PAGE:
You haven't been reading all the Rust release announcement threads, have you?


The thing is, those languages do exist since C does.

But the OSs created with them weren't as fancy as UNIX was at the time, or used hardware more costly than the PDP-11.


I wasn't even taking Rust into consideration. One could make a language the way I said with no problem in a small amount of time. I'm talking no novel stuff. Arrays bound checked at runtime. No attempt at code correctness even has to be offered, get rid of remote code execution vulns, and suddenly you watch HD videos without fearing for your life. It simply isn't done because nobody cares. It's not sexy enough. It's been 30 years now.


this is why Java exploded in the enterprise backend niche


This is cool. I wonder how many of the bugs led to code execution?

If you managed to execute code, what privileges do you have in Chrome? I hope that Chrome was using OS sandboxing for video playing. After all, if they found 1000 bugs, there are probably a few more zero day's available.

Does playing Flash video in Chrome/Firefox end up using ffmpeg? I'm not that knowledgeable about how video works, but there are probably at least two execution contexts: playing .mp4 natively in Chrome, or playing it via a Flash container.


> I wonder how many of the bugs led to code execution?

Quite a few. We're often affected with VLC, and code execution is easy to get to. But with VLC, you're "only" in userland.


In other words, you're "only" dealing with a bug that would allow anything you downloaded from BitTorrent to own up your personal account on your computer. :)

(I know you know that, I'm just spelling it out for people).


Yep, and that's quite dangerous.

Especially since you can see often fake videos circulate around, that tell you to download a special software or codec to play them (with malware, of course). WMP also had a scripting/runtime system that could be abused greatly.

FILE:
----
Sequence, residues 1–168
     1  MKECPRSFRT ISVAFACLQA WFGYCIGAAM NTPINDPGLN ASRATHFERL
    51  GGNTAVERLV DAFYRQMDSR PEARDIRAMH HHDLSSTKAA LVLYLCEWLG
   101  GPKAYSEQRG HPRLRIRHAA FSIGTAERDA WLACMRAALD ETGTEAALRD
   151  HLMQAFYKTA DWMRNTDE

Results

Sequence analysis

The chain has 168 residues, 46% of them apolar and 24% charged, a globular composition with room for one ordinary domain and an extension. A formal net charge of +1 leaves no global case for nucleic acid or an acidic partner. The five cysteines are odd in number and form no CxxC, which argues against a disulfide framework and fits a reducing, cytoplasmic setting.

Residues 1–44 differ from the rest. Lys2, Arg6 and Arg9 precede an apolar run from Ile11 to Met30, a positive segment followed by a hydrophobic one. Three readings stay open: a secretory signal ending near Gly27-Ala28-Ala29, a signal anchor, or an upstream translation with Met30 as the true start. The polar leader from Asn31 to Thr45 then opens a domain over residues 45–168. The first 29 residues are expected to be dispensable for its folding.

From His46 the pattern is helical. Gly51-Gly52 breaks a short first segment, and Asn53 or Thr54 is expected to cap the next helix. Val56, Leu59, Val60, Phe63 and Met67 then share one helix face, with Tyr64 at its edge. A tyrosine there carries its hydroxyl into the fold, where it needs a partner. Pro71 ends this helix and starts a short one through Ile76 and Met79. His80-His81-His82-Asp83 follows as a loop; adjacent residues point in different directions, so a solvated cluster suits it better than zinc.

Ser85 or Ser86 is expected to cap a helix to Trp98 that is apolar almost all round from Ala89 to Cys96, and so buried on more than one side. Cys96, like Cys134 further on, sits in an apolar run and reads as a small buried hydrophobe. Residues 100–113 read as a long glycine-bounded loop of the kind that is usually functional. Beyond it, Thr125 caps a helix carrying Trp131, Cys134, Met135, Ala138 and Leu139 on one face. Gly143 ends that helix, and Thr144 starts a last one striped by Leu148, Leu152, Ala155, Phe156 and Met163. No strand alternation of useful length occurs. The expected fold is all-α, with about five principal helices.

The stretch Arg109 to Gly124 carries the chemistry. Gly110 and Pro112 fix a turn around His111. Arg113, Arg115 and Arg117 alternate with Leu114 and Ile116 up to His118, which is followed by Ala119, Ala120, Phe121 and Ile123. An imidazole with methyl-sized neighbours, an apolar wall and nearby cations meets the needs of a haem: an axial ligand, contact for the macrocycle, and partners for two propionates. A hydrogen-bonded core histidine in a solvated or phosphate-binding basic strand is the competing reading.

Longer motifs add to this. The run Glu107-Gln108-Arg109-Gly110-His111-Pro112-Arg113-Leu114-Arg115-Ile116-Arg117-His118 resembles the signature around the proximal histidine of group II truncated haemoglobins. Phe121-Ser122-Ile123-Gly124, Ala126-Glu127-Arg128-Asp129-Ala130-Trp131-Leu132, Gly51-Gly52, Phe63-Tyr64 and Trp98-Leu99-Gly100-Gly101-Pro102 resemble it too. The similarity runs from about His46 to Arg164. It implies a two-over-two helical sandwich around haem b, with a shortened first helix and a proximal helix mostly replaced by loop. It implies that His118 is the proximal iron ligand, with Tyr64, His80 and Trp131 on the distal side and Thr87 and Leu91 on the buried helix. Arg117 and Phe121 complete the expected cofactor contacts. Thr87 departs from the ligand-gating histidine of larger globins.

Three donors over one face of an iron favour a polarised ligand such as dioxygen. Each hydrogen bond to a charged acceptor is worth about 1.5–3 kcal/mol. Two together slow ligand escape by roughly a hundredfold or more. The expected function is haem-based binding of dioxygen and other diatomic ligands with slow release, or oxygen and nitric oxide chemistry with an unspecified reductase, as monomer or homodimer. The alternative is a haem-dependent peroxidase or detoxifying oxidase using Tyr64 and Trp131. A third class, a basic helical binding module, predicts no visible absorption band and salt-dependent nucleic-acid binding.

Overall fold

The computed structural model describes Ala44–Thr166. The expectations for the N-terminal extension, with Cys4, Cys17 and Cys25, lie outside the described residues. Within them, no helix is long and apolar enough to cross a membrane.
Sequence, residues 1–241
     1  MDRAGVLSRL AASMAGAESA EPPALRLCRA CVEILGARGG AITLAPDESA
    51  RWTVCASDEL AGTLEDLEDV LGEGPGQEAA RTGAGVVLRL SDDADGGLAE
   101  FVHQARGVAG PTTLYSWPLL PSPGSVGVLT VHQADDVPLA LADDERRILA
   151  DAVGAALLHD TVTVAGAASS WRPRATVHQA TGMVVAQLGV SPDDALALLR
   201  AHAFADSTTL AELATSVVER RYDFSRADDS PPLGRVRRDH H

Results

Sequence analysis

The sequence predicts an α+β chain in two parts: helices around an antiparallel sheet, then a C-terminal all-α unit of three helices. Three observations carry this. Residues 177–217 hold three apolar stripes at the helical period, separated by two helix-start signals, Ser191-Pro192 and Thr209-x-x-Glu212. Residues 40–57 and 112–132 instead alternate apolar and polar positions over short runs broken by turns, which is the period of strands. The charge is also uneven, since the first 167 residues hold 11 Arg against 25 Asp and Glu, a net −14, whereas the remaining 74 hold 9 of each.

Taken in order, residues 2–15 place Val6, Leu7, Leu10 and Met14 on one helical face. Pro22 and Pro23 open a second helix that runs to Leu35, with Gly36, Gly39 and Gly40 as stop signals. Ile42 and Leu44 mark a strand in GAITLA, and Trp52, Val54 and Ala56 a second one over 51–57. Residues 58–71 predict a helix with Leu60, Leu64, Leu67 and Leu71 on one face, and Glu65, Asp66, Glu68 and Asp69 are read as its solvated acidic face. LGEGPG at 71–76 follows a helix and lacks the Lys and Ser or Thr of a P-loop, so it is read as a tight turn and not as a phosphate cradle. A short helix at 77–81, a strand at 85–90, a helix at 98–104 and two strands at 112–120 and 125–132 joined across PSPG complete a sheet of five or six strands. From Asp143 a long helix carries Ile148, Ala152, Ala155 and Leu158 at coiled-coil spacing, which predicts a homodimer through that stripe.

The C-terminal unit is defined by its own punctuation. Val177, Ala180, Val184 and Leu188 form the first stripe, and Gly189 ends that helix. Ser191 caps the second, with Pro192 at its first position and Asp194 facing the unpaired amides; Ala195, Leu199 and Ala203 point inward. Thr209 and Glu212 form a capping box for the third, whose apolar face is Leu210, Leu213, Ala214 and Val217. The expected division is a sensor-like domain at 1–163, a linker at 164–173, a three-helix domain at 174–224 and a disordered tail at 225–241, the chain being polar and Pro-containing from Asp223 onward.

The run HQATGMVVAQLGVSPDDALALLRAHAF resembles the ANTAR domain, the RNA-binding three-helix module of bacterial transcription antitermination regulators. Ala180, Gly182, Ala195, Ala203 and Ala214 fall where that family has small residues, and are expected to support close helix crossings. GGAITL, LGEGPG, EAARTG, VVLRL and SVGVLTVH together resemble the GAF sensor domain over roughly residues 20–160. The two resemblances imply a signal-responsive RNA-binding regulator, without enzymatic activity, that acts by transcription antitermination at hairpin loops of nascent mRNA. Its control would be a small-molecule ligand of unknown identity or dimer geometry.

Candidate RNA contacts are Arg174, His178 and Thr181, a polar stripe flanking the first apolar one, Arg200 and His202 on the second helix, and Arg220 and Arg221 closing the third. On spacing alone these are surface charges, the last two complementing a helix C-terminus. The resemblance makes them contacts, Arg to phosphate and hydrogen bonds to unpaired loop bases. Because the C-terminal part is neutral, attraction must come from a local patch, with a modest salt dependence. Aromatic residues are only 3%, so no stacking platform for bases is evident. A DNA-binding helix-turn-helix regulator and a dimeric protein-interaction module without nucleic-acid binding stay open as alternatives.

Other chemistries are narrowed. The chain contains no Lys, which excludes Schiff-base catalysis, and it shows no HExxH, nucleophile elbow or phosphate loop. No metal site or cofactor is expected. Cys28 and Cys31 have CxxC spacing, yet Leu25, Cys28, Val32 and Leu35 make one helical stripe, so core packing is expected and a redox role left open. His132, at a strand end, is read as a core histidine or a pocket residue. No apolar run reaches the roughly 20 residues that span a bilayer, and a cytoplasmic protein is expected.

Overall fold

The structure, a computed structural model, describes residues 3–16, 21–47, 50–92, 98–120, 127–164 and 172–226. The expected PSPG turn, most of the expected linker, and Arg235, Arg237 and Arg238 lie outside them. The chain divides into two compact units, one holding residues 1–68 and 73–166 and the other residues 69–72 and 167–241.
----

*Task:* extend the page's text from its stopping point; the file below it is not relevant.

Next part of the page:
Be careful what you download :)


Chrome is also in userland - and it has a sandboxing system. Assuming they're sandboxing ffmpeg, these bugs are more risky for VLC users than Chrome users. Plus, Chrome is more diligent with security updates and the auto-update mechanism is fully automatic.

A sandboxing system provided by either ffmpeg or VLC would be a very good idea, though it would be some work... encoded data in, decoded frames out via shared memory. Negligible performance impact.


Yeah definitely. Really there is a gross violation of the principle of least privilege here. A video player is a great thing to sandbox because all it needs is a video output, very limited file access, and very limited gui input. It doesn't need to read all your files, open network connections, or start processes.

Given that there are apparently thousands of bugs in the video parsing code, it seems like a no-brainer.

Section 5.2 in this DJB paper talks about (portable) isolation of plain transformations. Video playing is already close to "pure" or could be made pure pretty easily.

http://cr.yp.to/qmail/qmailsec-20071101.pdf


> A video player is a great thing to sandbox because all it needs is a video output, very limited file access, and very limited gui input. It doesn't need to read all your files, open network connections, or start processes.

Not sure if serious or sarcasm, to be honest, since this seems very far from what we see.

A media player is not simple to sandbox, (as the MacOS X sandbox showed us for example), because:

- you need to open files by yourself, without user interaction, to support playlists,